Six examples of getting the gig just by asking for it
Before I was self-employed, I got all of my best jobs just by asking for them.
Looking back, it feels like I had a secret weapon! Because I’ve learned in the years since that not everyone knows about this simple tactic. Consistently asking for what you want is one of the best ways to get it. Here are six examples from my life where I did just that, with explanations of why it worked in each situation.
#1: The internship
In my junior year of college, I was an aspiring designer, and I knew that a design internship was the best first step for my career. So that spring, I showed up at the door of a creative agency near my parents’ house and asked if I could intern with them for the summer. They said sure—and they even paid me a $500 stipend afterward.
Why this worked: Showing up in person shows commitment and passion, and people who have the privilege* to work for free are hard to turn down.
#2: The volunteer position
After graduating, I wanted to go somewhere and do something that would approximate the study abroad experience I never had time for. When a family friend mentioned a volunteer program on Midway Atoll National Wildlife Refuge, a remote Pacific island full of rare birds, I asked him to put me in touch with the refuge manager. I asked if I could volunteer that summer, sent in a short application, and was on a flight to Hawaii several months later.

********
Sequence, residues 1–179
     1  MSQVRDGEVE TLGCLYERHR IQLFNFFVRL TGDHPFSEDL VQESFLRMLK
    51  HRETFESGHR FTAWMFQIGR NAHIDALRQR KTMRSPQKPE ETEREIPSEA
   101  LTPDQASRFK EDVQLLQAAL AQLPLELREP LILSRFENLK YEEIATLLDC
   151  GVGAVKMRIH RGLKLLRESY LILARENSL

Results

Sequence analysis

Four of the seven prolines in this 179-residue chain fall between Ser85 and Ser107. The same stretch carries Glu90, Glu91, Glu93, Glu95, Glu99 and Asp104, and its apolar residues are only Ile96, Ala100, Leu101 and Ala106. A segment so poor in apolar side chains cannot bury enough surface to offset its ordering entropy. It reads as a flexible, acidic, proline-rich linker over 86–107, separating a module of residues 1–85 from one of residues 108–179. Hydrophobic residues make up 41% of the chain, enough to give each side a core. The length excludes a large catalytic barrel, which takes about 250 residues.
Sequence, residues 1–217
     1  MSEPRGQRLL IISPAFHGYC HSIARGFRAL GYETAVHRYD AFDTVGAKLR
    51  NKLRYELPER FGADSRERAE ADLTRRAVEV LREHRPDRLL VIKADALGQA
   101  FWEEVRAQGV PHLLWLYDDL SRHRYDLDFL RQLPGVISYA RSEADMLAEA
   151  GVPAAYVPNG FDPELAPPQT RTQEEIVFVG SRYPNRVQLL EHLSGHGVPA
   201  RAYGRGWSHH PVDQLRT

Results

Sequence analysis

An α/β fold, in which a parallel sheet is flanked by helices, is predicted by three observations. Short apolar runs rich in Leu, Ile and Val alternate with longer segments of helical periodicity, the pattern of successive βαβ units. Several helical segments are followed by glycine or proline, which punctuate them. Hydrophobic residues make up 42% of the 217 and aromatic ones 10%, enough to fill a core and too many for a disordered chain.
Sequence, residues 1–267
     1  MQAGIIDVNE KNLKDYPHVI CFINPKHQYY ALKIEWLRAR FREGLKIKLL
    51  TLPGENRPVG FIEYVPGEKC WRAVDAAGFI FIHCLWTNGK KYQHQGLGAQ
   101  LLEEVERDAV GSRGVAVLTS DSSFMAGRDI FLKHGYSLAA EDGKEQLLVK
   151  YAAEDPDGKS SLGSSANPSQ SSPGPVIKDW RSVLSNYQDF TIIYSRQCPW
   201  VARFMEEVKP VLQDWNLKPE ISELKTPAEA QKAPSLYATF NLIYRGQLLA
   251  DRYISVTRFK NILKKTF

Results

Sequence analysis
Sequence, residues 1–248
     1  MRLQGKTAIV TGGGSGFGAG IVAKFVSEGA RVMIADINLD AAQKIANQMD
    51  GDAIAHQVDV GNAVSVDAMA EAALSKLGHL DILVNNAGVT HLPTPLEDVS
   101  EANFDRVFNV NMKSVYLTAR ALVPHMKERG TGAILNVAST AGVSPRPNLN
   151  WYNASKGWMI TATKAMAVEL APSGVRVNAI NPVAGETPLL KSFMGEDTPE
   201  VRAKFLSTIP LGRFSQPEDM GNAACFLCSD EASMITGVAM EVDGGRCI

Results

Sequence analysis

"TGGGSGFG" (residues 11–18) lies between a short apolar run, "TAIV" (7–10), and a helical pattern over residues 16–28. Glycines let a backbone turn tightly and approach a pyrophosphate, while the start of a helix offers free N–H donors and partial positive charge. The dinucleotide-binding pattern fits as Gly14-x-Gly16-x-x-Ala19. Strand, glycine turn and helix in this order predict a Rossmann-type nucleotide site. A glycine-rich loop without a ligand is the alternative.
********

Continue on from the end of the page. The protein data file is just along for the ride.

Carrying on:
Why this worked: The volunteer program at the Refuge was just starting up again after having been suspended for a few years, and the availability of the volunteer positions was not widely known. You never know what’s going on behind the scenes! So even though I didn’t have a strong background in biology (though I had a bit), they needed to fill their volunteer slots. I was an obvious choice, having shown considerable initiative by asking to be considered for a position that’s not for the feint of heart: four months of full-time, outdoor, biological fieldwork on one of the most remote islands in the world.
#3: The job
Two years later, after quitting a design job that turned out to have a toxic work environment, I started applying for part-time graphic design jobs while I built my freelance business. Around the same time, my computer died, so I took it to a repair shop that happened to be in a shared office building. As I walked down the corridor towards the repair place, the sign on one of the doors jumped out at me. It was a creative agency I had sent my résumé to! On my way out, I dropped by and asked if they still needed a designer. The owner asked me to come in later for a chat, which turned out to be an interview... which concluded with her asking when I could start!
Why this worked: Maybe the agency wasn't actively recruiting for the position even though it was listed on their site; maybe they were behind on reviewing résumés; maybe it just hadn't been a priority to hire someone. Or maybe I was just in the right place at the right time—don’t discredit pure luck—because it turned out that the owner had cofounded a nonprofit where I had previously worked!
What if you’re not looking for a job?
As I mentioned, I’m self-employed. What’s great about this tactic is that it works perfectly for freelancers too!
#4: The ongoing gig